Two people died in the UK as severe flooding and heavy rain from Storm Babet hammer coastlines of the North Sea.
(Bloomberg) — Two people died in the UK as severe flooding and heavy rain from Storm Babet hammer coastlines of the North Sea.
Parts of eastern Scotland are bracing for another red warning from midnight on Saturday as exceptional rainfall results in severe flooding, building damages and dangerous driving conditions. Deaths were reported by Scotland’s police force, according to the BBC.
The UK’s Met Office warned local communities that they could lose power and other essential services like gas, water and mobile phone services, “perhaps for several days.”
A Scottish Fire and Rescue Service boat was going house to house searching by torchlight in heavily flooded streets of the Angus area early on Friday morning, according to the BBC. The local council has asked residents of about 400 homes in and around the town to evacuate amid fears the River South Esk could burst its banks, the news report added.
Rainfall of up to 250 millimeters (9.8 inches) was expected in the area, which was under a red warning on Friday morning, near the cities of Perth and Dundee. A number of amber and yellow weather warnings will remain in place across Scotland and parts of England until the weekend.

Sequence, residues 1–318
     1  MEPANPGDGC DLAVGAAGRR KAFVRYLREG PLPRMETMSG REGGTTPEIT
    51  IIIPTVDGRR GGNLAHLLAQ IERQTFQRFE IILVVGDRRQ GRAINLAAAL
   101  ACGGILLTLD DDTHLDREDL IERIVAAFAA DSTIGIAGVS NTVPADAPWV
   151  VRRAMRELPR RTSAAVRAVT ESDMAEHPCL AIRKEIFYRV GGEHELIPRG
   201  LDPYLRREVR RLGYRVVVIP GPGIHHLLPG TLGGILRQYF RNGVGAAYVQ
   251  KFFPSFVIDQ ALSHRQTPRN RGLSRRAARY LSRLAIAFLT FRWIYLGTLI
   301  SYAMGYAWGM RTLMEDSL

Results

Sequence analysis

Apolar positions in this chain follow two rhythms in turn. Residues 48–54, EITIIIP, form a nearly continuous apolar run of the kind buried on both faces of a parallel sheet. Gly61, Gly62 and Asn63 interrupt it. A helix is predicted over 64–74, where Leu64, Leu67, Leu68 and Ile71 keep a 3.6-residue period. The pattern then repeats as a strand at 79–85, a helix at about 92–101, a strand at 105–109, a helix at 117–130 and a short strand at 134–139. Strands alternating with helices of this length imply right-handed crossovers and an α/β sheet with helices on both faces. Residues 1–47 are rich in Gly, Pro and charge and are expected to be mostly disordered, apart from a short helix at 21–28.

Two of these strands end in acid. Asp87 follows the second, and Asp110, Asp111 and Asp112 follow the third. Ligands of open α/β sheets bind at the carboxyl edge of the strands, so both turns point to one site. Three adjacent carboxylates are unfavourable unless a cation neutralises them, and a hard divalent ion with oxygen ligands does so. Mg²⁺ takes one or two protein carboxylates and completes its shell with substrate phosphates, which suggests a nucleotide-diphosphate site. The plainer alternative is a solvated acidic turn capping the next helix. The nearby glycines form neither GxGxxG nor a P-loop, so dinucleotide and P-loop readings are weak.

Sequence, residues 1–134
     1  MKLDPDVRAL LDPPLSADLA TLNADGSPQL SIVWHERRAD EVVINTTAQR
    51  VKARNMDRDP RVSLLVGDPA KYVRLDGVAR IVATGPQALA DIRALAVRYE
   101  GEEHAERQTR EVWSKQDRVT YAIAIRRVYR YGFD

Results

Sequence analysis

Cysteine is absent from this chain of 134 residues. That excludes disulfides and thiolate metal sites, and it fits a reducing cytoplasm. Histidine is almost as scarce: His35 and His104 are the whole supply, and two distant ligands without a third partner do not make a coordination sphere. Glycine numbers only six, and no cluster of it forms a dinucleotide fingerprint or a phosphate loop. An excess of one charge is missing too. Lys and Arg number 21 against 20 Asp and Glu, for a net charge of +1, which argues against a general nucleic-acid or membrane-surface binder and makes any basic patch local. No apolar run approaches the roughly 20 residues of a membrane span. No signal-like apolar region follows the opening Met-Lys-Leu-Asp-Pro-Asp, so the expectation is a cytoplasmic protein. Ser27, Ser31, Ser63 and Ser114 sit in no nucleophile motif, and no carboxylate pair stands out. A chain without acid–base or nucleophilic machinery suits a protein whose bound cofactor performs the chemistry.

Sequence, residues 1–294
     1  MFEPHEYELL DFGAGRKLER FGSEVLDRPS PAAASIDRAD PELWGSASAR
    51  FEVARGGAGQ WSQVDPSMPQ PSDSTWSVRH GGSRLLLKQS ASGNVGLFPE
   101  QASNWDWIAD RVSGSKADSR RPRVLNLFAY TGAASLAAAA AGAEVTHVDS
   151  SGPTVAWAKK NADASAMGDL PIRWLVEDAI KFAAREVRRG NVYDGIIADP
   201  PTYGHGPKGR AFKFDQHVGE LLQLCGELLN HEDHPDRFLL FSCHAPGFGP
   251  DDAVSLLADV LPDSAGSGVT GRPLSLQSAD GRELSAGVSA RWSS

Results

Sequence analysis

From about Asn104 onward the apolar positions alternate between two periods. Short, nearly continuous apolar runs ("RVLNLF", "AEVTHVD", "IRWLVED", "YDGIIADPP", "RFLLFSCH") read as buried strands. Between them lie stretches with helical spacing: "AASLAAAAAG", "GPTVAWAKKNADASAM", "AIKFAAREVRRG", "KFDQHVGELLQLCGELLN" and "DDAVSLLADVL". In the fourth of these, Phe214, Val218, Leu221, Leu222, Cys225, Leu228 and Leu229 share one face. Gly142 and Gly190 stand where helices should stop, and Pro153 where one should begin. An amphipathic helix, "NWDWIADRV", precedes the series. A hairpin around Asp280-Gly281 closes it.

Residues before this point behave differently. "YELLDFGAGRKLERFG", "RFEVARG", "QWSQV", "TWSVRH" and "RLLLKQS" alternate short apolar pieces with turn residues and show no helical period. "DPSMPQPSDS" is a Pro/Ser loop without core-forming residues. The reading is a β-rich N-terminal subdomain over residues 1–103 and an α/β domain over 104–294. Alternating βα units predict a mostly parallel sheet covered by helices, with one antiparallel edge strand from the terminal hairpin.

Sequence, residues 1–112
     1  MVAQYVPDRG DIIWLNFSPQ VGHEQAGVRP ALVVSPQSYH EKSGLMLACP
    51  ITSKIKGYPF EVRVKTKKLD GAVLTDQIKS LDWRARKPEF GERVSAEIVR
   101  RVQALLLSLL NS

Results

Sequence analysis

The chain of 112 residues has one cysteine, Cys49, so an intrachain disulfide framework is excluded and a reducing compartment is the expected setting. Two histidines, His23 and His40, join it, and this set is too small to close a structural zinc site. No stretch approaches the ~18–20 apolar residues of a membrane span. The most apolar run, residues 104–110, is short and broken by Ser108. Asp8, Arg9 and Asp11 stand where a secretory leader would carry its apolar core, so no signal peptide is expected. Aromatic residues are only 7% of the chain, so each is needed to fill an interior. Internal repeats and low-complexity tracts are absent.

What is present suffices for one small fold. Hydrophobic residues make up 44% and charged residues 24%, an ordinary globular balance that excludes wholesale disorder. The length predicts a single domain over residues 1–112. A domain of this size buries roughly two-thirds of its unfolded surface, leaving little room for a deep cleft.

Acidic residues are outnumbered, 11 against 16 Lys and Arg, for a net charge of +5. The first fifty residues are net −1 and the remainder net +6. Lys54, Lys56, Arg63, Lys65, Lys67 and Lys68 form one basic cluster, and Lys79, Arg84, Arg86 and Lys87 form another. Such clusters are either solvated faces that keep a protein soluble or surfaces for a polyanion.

Read More: Denmark Cancels Flights, May Cut Power Due to Extreme Weather
The UK has felt extremes of weather this year, with some of the hottest summer months on record followed by sudden, extreme rainfall and flooding. Human-caused climate change is increasing the likelihood of such weather patterns across the world.
The bad weather has been felt on North Sea shores elsewhere. Airlines have called off dozens of planned departures and arrivals at Copenhagen Airport on Friday, as well as facing delays, according to a spokesperson.
EON SE, one of the largest grid operators in Sweden, warned that the storm is likely to cause havoc in Scandinavia as it sweeps in late on Friday and early Saturday.
Wind gusts there will reach 20-25 meters per second, while water levels along the southern and western coast could reach record levels, according to national forecaster SMHI.
The utility has boosted staffing in the field and is preparing water pumps and other machines. The strong easterly winds are increasing the risk of trees falling on the overground power cables, EON said on Friday.
The UK’s wind turbines were generating more than 50% of the country’s power as of Friday morning, according to data from National Grid Plc on Bloomberg. Wind usually makes up 25% of the country’s power mix.
–With assistance from Christian Wienberg and Sanne Wass.
(Updates with fatalities from first paragraph, Copenhagen flights in seventh paragraph.)
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